Liberal-Democratic party leaders agreed and joined a growing chorus that has called on the metropolitan police commissioner to resign. “Cressida Dick has lost the trust of millions of women in London and should resign,” Liberal Democrats said, saying the vigil police were “totally embarrassing and embarrassing to the metropolitan police”.

UK Home Secretary Priti Patel said “some” of the images circulating online were “annoying” and said she had asked the Met for a “full report on what happened”.

Patels’s comments, however, take place in a landscape increasingly hostile to dissenting voices, which disproportionately affects marginalized communities, including women.

Sarah Everard’s case reminds women what they already knew: they’re never safe

The Home Secretary has said nothing about his plans to crack down on dissent, and has called environmental protesters “eco-Croats turned criminals” with the intention of attacking a British way of life and labeling tactics of Black Lives Matter protesters as “thugs”. different speeches last fall.

And while Patel has said the government will always “defend the right to protest,” his actions suggest otherwise.

Critics of the Police, Crimes, Sentences and Courts Bill 2021, which was introduced by Patel last week, claim that the new law seeks to crush the peaceful right to protest.
It is a movement that according to activists underlines the solution preferred by the government to strengthen funding and the presence of the police on the ground, when the police have they repeatedly abused the powers they already have, exemplified in response to Everard’s vigil.
Patsy Stevenson, who was arrested by Met agents on Saturday evening, has urged the public to put the narrative away from the police and go back to what happened to Everard, calling the public will show their support on 15 March in London’s Parliament Square. Others have it he called for a Sunday eve.

Safeguarding women

Meanwhile, according to Atkins, the government has conducted a “end-to-end” review of the criminal justice system, including changes in the conviction of serious and violent offenders.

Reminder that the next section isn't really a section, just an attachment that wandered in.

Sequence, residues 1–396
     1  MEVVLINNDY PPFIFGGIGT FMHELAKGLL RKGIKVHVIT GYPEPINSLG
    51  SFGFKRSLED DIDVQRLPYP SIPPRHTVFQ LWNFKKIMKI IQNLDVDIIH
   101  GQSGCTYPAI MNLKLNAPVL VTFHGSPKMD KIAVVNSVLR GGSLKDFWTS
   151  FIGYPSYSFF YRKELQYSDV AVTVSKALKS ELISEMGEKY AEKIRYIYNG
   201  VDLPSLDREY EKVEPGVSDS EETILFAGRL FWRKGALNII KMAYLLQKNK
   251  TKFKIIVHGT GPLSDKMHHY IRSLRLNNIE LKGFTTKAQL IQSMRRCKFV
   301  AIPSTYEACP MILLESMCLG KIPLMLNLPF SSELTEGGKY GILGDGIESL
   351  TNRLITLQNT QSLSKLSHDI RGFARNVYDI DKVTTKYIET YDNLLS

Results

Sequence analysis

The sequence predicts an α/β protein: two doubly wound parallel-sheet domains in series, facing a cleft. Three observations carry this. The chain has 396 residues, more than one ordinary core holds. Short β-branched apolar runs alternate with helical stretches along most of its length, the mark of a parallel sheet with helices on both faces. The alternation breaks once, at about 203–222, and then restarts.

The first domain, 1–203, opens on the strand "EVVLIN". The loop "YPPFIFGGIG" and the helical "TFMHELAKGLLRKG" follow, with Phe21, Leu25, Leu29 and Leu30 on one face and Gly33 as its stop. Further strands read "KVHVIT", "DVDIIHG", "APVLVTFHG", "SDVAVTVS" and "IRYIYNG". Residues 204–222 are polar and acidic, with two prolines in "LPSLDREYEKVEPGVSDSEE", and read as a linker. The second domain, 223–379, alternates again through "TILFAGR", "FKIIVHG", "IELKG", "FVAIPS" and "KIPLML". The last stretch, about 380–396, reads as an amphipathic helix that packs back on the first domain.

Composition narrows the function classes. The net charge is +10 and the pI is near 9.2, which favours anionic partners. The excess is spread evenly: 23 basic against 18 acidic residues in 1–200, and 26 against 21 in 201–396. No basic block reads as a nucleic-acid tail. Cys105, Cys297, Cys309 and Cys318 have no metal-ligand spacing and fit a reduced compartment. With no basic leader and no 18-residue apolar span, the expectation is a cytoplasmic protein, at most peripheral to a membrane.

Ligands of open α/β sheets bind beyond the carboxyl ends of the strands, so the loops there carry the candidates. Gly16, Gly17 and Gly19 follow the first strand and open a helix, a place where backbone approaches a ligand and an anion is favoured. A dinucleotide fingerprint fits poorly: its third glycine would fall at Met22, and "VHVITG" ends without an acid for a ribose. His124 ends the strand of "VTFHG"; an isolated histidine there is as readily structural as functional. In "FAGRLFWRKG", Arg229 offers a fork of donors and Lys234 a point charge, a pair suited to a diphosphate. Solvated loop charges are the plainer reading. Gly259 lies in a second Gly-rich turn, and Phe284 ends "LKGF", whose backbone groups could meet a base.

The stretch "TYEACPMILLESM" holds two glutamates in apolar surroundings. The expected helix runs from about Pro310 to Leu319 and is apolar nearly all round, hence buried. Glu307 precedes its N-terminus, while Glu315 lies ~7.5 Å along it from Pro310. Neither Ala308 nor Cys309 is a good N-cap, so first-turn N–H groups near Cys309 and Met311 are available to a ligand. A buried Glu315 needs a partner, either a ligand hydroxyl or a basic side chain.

The minister described the Domestic Abuse Act as “relevant legislation” that will initiate a “conversation about abusive behaviors and what we can do to support victims, but also to attack perpetrators,” she said, adding that the government was investing “unprecedented amounts of money” also in author programs.

But Jess Phillips, the UK Home Secretary, said the government should “turn its rhetoric into action”, noting that the bill mentions statues more than women.

More than 70% of women surveyed by a new UN Women UK survey said they had experienced sexual harassment in public spaces. That figure rose to 97 percent among women ages 18 to 24, according to surveys. The data, released on Wednesday, has been extracted from a YouGov survey of more than 1,000 women commissioned by UN Women UK in January 2021.

Surveys of the organization also suggested that women had little faith in public institutions to deal with the situation.

“Only 4% of women told us they reported incidents of harassment to an official organization; 45% of women said they didn’t think reporting would help change anything,” UN Women UK said.

Murder suspect and police officer Wayne Couzens, 48, appeared in London’s Westminster Magistrates Court on Saturday for his first hearing. He has been remanded in custody and will then appear in Old Bailey Court in London on March 16, according to Met Police.
The organizers of “Reclaim These Streets” they have raised £ 488,625 (around US $ 680,166) over the past 48 hours they plan to donate to women’s charitable causes.

CNN’s Nina Dos Santos, Arnaud Siad and Laura Smith-Spark contributed to this report.